Additionally, the ability to be flexible and to learn on the go is essential for a successful career in IAM, said Eve Maler, CTO at ForgeRock. "There is always work in this area that is in flux," she added.
Studying popular standards, such as Security Assertion Markup Language, OpenID Connect and Open Authorization (OAuth), is a practical way to better understand advanced IAM intricacies and prepare for future tech environments. "For example, the OAuth standard and the stack that is built on top of OAuth [have] powered the API economy -- and the IoT economy is built on top of the API economy," Maler said.
Ultimately, IAM professionals' decision whether to get certified -- and which of the top IAM certifications to pursue -- will depend on their career goals, their job's responsibilities and the specific vendors they use in their work.
The top IAM certifications
Certified Information Systems Security Professional (CISSP)
Offered by (ISC)2, CISSP is considered the gold standard certification for individuals who wish to prove their competency on a wide array of infosec principles and best practices.
IAM professionals would be well suited to hold a CISSP certification. Candidates must prove their comprehension of IAM skills, as well as how to successfully design, implement and manage a cybersecurity program. The CISSP Common Body of Knowledge covers 10 core subject domains, one of which -- Domain 5 -- exclusively covers IAM. This vendor-neutral certification requires at least five years of relevant work experience and is awarded after achieving a passing score of 700/1,000 on the exam, which costs $699.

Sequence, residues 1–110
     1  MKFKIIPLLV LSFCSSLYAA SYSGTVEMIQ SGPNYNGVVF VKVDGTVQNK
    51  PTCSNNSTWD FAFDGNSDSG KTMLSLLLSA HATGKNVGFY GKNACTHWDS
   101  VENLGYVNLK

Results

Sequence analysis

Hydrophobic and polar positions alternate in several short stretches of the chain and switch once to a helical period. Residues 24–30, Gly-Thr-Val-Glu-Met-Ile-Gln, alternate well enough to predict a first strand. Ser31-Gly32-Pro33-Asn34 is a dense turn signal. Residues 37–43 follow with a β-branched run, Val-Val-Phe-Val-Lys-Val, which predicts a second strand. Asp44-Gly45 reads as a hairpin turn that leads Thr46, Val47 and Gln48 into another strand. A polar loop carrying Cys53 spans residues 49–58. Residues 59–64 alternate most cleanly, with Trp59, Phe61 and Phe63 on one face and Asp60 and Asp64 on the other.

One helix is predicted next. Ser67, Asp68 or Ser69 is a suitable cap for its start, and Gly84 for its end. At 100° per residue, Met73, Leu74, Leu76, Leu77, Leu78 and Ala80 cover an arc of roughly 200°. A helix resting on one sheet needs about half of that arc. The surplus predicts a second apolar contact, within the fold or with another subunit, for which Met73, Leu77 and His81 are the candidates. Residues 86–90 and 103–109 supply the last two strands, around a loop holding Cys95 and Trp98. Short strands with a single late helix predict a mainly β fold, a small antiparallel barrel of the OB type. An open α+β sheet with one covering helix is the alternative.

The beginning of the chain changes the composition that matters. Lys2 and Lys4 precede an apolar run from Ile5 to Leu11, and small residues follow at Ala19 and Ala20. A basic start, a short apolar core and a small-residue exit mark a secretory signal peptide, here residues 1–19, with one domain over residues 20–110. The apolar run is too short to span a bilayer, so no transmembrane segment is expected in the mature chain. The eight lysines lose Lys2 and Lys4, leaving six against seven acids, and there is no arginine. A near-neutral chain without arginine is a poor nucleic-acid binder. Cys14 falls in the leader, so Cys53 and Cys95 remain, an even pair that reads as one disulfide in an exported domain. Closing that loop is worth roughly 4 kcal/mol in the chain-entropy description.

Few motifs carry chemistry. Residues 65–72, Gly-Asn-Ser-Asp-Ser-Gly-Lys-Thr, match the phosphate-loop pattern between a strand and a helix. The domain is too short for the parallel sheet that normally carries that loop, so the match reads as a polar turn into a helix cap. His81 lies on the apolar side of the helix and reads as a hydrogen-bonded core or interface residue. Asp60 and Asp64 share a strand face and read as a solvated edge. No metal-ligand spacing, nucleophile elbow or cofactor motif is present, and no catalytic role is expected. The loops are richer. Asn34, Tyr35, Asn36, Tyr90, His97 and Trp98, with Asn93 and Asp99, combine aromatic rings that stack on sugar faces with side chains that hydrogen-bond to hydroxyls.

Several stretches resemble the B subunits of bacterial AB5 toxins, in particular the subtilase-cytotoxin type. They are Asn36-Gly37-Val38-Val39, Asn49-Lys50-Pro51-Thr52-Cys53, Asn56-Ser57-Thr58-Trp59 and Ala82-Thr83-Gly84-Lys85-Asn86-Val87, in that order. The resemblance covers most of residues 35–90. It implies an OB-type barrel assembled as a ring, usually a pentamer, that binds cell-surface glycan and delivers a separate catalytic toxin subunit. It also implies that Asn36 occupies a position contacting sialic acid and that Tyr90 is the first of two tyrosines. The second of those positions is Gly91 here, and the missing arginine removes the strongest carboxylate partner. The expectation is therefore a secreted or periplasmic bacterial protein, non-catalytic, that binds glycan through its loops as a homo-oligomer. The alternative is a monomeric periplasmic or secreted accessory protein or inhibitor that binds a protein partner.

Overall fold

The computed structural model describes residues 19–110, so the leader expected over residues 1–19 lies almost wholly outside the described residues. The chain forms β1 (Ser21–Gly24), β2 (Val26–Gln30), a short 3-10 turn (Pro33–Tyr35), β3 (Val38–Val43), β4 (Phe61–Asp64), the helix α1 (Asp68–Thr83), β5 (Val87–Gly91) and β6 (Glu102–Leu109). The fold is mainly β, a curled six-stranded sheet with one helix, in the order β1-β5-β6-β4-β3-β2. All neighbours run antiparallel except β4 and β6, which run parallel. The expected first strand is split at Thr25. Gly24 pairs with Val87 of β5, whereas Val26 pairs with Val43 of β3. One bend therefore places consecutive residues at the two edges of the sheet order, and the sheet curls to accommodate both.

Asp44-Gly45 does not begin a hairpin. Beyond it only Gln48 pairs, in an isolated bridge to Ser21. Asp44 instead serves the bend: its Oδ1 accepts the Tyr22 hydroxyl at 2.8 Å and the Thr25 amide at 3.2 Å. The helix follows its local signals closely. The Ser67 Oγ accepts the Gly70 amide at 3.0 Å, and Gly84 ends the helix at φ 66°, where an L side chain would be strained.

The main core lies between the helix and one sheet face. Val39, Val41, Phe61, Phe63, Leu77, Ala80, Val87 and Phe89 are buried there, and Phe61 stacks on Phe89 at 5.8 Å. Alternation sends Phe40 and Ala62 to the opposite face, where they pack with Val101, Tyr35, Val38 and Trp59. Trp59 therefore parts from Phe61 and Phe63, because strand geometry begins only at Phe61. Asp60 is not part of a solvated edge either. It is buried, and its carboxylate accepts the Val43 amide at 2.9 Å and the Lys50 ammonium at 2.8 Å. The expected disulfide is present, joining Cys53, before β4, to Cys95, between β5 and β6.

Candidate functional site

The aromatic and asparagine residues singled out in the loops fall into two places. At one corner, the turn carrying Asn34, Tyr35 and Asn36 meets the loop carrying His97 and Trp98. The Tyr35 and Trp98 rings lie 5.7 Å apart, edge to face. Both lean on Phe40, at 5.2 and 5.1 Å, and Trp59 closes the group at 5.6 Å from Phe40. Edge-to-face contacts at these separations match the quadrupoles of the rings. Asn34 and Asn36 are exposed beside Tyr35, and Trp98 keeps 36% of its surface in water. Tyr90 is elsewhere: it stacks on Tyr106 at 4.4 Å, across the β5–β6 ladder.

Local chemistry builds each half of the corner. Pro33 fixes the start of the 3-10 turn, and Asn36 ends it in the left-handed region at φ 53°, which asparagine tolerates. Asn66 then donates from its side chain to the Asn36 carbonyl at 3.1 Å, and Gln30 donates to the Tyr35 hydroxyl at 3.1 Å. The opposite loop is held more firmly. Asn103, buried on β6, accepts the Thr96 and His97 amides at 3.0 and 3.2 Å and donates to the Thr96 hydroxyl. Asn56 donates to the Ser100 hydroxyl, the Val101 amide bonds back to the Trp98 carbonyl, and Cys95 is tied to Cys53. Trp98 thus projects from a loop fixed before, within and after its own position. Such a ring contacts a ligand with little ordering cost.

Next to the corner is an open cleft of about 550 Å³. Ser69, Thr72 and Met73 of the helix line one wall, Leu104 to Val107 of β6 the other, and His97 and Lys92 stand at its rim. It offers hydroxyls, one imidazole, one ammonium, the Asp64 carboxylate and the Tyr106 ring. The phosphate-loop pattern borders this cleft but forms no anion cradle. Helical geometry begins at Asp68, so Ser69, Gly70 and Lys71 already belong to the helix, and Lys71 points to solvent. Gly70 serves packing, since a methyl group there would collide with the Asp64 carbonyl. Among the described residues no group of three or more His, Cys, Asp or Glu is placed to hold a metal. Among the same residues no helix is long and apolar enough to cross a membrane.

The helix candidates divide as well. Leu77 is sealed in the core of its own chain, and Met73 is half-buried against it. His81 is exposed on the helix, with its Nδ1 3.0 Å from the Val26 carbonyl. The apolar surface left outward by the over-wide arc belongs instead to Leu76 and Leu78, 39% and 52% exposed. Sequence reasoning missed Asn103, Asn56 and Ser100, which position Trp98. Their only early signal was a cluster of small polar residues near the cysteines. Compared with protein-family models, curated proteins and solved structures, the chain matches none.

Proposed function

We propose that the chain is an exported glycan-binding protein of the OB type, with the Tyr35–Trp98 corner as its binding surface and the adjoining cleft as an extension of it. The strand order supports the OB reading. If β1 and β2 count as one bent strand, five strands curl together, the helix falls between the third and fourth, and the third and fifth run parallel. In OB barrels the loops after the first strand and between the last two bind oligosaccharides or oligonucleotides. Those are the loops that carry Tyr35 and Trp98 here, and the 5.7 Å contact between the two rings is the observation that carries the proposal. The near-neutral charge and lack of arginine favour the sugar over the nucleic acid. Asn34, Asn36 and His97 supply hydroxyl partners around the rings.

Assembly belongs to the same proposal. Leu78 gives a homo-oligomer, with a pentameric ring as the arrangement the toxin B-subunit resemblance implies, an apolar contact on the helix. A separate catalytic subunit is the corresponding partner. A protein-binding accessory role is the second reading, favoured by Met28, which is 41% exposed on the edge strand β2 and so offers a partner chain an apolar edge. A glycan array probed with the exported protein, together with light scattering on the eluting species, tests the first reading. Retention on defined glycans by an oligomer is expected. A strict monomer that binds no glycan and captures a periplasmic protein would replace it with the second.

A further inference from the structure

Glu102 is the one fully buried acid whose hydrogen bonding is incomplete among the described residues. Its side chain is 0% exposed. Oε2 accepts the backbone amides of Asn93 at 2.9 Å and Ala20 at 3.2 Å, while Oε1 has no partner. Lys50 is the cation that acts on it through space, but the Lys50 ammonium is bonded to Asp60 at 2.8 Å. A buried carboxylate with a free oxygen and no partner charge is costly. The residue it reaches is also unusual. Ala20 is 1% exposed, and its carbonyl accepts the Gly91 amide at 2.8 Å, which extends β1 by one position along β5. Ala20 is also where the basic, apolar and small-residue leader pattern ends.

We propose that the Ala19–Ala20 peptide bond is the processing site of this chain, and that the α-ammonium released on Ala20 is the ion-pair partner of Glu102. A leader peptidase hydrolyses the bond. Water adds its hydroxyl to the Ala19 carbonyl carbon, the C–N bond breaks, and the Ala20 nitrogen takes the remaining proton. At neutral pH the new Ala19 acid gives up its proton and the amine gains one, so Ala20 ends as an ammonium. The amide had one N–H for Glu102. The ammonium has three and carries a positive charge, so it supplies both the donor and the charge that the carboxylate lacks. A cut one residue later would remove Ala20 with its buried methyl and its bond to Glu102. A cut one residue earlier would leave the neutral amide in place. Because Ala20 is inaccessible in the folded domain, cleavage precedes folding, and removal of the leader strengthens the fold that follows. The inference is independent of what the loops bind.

CompTIA's Security+ certification demonstrates a person's competency with core knowledge required of any infosec role, including IAM. Security practitioners commonly pursue this certification prior to CISSP. The CompTIA Security+ credential counts as one year toward the five years' experience prerequisite of CISSP.
Advertised by CompTIA as a "springboard into intermediate-level cybersecurity jobs," the CompTIA Security+ program covers the latest trends and techniques in risk management, risk mitigation, threat management and intrusion detection. Candidates will gain hands-on troubleshooting experience and security problem-solving skills. IAM is one of the six core domains covered in the curriculum, constituting 16% of the exam. The exam costs $370 and must be renewed every three years.
Certified Information Systems Auditor (CISA)
ISACA's CISA certification demonstrates an individual's comprehension of infosec and IT auditing expertise, but it is not limited to auditing practitioners. The exam includes five job practice domains, including Governance and Management of IT and Protection of Information Assets.
Candidates for the CISA certification study how to perform an audit, in addition to ethics, standards and complex vocabulary. Understanding how to audit and secure information systems -- skills necessary to pass the CISA exam -- can also supplement other infosec careers, such as an identity professional, infosec risk analyst or risk advisory manager. The exam costs $575 for ISACA members or $760 for nonmembers and must be renewed every three years.